// Create a cbor decoder from the cbor bytes and a cbor code handle
  var h codec.Handle = new(codec.CborHandle)
  var dec *codec.Decoder = codec.NewDecoderBytes(fileBytes, h)

  // Decode into an EdgeX Event
  var event contracts.Event
  err = dec.Decode(&event)
  check(err)

  // Decode into arbitrary type
  foo := struct {
  X   int
  Y   int
  Z   int
  Bar string
  }{}

  dec = codec.NewDecoderBytes(event.Readings[0].BinaryValue, h)
  err = dec.Decode(&foo)
  check(err)

  fmt.Println(foo)
}

This code takes a command response in the same format as the previous example, but uses the codec library to decode the CBOR data inside the EdgeX Reading's BinaryValue field.

Using this approach, an Event can be sent containing data containing an arbitrary, flexible structure. Use cases could be a Reading containing multiple images, a variable length list of integer read-outs, etc.

Creating a CBOR Payload for use with PUT Commands

To create a CBOR payload that, for example, can be used with PUT commands, we first need to set up some content which will be used to create the CBOR data. Then we encode that content and finally write the CBOR-encoded data to a file, followed by using that file with an example PUT command.

The relevant data structures are as follows, containing details of the key and the corresponding value, where you should note in particular the Put field in the Command struct, and below the Command struct is the Put struct itself. More details available at https://github.com/edgexfoundry/go-mod-core-contracts/blob/master/models/put.go:

type Command struct {
    Timestamps  `yaml:",inline"`
    Id          string `json:"id" yaml:"id,omitempty"`     // Id is a unique identifier, such as a UUID
    Name        string `json:"name" yaml:"name,omitempty"` // Command name (unique on the profile)
    Get         Get    `json:"get" yaml:"get,omitempty"`   // Get Command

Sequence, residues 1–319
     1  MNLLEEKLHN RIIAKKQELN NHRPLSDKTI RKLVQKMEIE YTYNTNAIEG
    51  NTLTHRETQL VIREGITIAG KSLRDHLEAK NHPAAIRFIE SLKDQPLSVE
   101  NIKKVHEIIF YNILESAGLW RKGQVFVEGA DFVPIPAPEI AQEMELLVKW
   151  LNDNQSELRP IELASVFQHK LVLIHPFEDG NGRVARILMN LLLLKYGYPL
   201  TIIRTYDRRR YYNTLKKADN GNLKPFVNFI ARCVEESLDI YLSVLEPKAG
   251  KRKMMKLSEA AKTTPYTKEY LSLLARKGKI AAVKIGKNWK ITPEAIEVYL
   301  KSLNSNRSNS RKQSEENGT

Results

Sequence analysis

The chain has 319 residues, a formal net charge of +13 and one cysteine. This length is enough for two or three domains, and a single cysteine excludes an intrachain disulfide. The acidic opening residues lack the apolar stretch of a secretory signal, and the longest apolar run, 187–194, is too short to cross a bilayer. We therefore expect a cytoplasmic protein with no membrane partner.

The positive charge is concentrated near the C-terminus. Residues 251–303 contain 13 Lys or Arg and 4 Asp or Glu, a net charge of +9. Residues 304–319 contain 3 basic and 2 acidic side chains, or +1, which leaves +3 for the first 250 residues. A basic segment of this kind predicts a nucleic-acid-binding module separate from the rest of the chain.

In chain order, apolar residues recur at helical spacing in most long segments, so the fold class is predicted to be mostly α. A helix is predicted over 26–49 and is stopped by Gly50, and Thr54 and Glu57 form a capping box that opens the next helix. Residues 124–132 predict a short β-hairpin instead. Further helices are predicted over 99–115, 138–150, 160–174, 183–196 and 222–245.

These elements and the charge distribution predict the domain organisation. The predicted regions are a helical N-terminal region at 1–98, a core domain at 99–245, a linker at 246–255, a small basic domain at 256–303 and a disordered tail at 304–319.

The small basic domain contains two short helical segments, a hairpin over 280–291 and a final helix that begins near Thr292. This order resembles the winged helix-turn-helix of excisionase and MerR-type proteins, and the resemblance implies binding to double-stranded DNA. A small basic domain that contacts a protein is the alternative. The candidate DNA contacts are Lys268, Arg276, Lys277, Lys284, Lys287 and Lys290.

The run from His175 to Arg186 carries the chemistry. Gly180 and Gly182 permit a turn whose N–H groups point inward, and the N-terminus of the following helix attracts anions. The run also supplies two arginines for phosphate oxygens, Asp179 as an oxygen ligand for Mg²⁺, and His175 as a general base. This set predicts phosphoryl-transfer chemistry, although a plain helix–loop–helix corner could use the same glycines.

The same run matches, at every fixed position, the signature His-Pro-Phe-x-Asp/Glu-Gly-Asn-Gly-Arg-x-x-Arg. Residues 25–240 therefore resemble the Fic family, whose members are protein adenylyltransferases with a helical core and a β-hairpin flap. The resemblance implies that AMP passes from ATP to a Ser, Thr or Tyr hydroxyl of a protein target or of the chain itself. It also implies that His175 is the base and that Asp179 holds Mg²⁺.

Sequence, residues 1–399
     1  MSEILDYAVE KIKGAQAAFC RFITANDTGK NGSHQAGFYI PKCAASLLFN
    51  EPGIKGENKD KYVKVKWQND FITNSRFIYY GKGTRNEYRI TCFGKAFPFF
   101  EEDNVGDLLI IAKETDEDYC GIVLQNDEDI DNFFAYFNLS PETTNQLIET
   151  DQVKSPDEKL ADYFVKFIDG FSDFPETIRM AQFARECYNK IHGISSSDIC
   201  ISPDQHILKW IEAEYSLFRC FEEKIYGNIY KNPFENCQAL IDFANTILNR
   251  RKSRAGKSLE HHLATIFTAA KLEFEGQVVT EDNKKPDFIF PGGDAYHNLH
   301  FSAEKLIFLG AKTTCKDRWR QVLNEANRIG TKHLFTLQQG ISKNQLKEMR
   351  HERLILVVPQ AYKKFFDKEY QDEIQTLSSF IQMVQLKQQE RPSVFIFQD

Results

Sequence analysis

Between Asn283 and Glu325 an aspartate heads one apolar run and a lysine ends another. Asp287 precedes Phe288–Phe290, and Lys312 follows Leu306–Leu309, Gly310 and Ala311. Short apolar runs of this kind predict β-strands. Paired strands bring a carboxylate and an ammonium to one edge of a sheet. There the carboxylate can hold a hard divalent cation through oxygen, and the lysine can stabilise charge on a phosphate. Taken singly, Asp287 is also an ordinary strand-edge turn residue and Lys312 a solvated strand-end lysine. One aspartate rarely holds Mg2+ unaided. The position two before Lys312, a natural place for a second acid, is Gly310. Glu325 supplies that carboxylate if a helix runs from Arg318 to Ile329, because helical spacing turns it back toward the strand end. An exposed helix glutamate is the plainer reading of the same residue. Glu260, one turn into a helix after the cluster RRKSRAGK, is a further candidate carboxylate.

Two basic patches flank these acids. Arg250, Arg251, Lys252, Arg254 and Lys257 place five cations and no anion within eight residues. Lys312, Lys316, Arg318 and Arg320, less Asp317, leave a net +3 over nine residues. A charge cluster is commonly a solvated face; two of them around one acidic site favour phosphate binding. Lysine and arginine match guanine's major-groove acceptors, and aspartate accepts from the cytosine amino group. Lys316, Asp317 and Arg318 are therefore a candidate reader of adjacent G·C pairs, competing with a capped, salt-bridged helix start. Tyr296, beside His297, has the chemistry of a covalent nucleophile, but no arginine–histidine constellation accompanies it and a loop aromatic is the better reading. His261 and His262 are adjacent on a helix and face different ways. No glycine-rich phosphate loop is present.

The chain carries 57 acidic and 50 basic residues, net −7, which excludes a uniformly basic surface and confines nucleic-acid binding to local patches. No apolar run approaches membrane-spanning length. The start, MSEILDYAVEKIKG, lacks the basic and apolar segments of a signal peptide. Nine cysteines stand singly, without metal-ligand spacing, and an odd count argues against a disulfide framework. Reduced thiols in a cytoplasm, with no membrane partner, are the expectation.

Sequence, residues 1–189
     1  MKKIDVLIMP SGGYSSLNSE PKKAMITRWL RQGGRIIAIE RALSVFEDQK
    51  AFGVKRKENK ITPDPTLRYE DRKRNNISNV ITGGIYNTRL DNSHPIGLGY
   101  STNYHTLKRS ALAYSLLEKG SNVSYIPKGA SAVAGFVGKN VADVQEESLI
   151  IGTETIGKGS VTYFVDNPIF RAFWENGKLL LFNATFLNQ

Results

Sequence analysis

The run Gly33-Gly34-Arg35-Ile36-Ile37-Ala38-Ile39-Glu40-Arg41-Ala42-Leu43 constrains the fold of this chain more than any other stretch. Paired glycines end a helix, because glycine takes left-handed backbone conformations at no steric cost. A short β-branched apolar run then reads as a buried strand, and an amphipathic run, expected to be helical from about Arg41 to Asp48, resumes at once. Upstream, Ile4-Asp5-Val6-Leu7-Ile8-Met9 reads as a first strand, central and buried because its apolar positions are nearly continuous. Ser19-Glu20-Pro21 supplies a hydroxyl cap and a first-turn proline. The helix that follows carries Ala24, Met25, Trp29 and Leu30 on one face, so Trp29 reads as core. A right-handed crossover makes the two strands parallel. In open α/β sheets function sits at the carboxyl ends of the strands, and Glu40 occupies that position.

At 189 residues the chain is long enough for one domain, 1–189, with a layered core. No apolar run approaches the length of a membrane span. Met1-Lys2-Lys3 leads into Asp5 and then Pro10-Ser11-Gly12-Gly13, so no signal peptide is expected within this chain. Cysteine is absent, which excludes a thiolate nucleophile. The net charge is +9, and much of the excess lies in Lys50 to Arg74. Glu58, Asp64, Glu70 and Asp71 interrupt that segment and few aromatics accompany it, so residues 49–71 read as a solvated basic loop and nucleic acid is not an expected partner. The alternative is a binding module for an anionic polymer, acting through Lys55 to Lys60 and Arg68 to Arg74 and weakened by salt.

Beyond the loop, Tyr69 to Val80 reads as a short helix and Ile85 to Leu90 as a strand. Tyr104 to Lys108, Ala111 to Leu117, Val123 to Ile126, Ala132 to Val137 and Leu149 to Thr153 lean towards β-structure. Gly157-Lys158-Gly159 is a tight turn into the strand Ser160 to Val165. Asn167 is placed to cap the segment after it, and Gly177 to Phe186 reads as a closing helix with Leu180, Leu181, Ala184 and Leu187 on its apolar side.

Put         Put    `json:"put" yaml:"put,omitempty"`   // Put Command
    isValidated bool   // internal member used for validation check
}

type Put struct {
    Action         `yaml:",inline"`
    ParameterNames []string `json:"parameterNames,omitempty" yaml:"parameterNames,omitempty"`
}
What follows below is the accompanying golang code that accomplishes the steps above:

package main

import (
    "io/ioutil"

    "github.com/ugorji/go/codec"
)

const (
  fileLocation = "/Users/johnpoe/Desktop/CBOR_Binary"
)

const (
    enableRandomizationBinary = "EnableRandomization_Binary"
    path                      = "Path"
    url                       = "Url"
)

func main() {
    // Set up some records which will be used to create the CBOR data
    cborContents := make(map[string]string)

    // The user should put values in the cborContents variable above, which will
    // be converted to CBOR. Please refer to the earlier note containing details
    // of the key and the corresponding value each keys represent. What follows
    // below is an example of populating the "ParameterNames" (aka "Put")
    cborContents[enableRandomizationBinary] = "true"
    cborContents[path] = "/api/v1/device/9f872d68/Binary"
    cborContents[url] = "http://localhost:48082/api/v1/device/9f872d68/command/7ff8d51ea50d"


    // Encode the contents that were set up above.
    input := make([]byte, 0)
    check(codec.NewEncoderBytes(&input, &codec.CborHandle{}).Encode(cborContents))

    // Write the CBOR-encoded data to a file.
    ioutil.WriteFile(fileLocation, input, 0644)
}

func check(e error) {
    if e != nil {
        panic(e)
    }
}

In the code above, as a final step, the CBOR payload has been written to the filesystem, into a file that we are calling CBOR_Binary.

Here is how to use the PUT command: Via the --data-binary flag in cURL, supply as follows the CBOR-encoded file created above. You will want to replace the fileLocation (i.e. '@/Users/johnpoe/Desktop/CBOR_Binary' by a suitably-located local file on your filesystem:

curl --location --request PUT 'http://localhost:48082/api/v1/device/9f872d68-2281-4af4-959d-29e4d51c2192/command/b349df4a-6c3d-4218-b8bc-7ff8d51ea50d' \
--header 'Content-Type: application/cbor' \
--data-binary '@/Users/johnpoe/Desktop/CBOR_Binary'